BONN, JUNE 26 -- A united Germany could resume its place as a single nation stretching from France to Poland in just over five months, the West German government announced today.

Looking beyond Sunday's economic merger of East and West Germany, Bonn's Interior Ministry released the first details of a plan to complete the two countries' political unification on Dec. 9, when the first democratic all-German elections since 1933 are tentatively scheduled.

The plan, which suggests the specific wording of East Germany's application to become part of West Germany, is the first official sign of how far the Bonn government has progressed in its drive to stitch together the nation split by its World War II opponents.

The government proposal is also, opposition leaders say, a political tool intended to strengthen Chancellor Helmut Kohl's Christian Democrats by turning the December vote into a virtual referendum on unification -- enabling the chancellor to portray his opponents as foes of the motherhood-and-apple-strudel issue of German unity.

At midnight after the common election day, the two Germanys would become one nation operating under West German law, according to Interior Minister Wolfgang Schaeuble. He said negotiations toward a treaty on political unity will begin this week in East Berlin.

That treaty, like the detailed plan for economic merger approved by both parliaments last week, would spell out how to bring the East German legal and political system in line with West German laws. Schaeuble said he expects the political treaty to be ready in September.

Despite the growing optimism of a West German government anxious to complete unification while Soviet President Mikhail Gorbachev retains his position, numerous obstacles remain before the two Germanys can become one.

Schaeuble, like Kohl and East German Prime Minister Lothar de Maiziere, envisions that the East Germans will become part of West Germany under a section of the Bonn constitution allowing East Germany's five states to apply to the West German government for admission. But before that can happen, the East German government must recreate the states, which were dissolved and rearranged by the Communist regime.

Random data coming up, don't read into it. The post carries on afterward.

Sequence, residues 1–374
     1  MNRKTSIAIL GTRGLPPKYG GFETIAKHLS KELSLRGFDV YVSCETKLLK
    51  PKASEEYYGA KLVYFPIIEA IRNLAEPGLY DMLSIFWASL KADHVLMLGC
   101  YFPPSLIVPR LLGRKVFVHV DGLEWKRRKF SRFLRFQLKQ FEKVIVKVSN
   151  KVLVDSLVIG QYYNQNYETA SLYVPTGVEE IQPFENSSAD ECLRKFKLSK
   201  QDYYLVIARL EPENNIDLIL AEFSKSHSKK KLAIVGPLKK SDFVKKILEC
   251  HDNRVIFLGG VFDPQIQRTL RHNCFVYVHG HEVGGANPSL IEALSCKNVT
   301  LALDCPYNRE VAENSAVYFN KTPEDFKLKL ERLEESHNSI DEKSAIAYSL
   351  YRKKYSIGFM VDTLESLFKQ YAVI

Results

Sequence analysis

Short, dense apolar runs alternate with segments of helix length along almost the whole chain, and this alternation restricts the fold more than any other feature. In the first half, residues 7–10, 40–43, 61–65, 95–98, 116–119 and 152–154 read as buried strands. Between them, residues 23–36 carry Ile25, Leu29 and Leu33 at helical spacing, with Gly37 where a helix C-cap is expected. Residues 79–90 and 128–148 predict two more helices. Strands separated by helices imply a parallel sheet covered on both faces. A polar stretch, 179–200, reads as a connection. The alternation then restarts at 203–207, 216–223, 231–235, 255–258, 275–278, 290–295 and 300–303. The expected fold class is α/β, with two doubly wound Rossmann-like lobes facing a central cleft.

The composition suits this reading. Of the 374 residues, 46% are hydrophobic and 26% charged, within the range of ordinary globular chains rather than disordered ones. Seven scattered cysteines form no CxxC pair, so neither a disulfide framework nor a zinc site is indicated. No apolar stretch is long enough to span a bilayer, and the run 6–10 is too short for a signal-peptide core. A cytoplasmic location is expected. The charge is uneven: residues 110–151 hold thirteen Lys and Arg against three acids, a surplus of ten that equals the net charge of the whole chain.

Even then, the proposed December election raises difficult legal problems. Schaeuble said that to speed the process, the two countries could conduct elections on the same day under their existing election laws, and the winners would sit together in one parliament.

But the West German opposition Social Democrats said today that quick unity is "not acceptable" if the two countries retain their considerably different election systems.

In West Germany, political parties must get 5 percent of the vote to win seats in parliament -- a measure designed to keep extremist parties out. The new East German voting system -- used only once, to choose the first post-Communist government elected in March -- allows representation for all parties.

Under the West German plan, the East Germans elected in March would serve only nine months of their terms. New deputies would almost certainly be chosen primarily from among the West German parties, which plan to become all-German parties this fall.

Another obstacle to final unification this year is the question of the capital. Opinion polls in both Germanys show overwhelming majorities favoring Berlin as capital of a united nation. And both de Maiziere and the mayors of both sides of Berlin demanded this week that the former capital again assume its historic role in place of Bonn, West Germany's "provisional" capital since the end of World War II.

Schaeuble said the question of the capital should be delayed until after unification to assure that the process is completed this year. The West Germans also want to delay resolution of several other controversial differences between the two countries, including abortion, which is legal in East Germany and largely illegal in West Germany.

The West German plan, contained in a 15-page "discussion paper," would allow the joint German parliament to consider constitutional changes only after unification is complete. The East German parliament would be dissolved and the East German prime minister would become a temporary member of the West German cabinet.

The rush to create a single Germany before such major structural changes are discussed stems largely from the uncertain situation in the Soviet Union, Bonn officials said.

Kohl is said to argue that Germany must maintain the momentum toward unity so the Soviets cannot hope to block the historic change, despite the complaints of some Soviet politicians that Gorbachev is giving away Moscow's most valuable and strategically crucial ally.

The West Germans also believe that domestic initiatives toward unity will speed up Soviet cooperation on the international aspects of recreating a single Germany. The Soviets have not yet agreed to allow a united Germany to become a member of the North Atlantic Treaty Organization, and the presence of 380,000 Soviet troops on East German soil remains the single greatest sticking point in arranging the defense and government of the new Germany.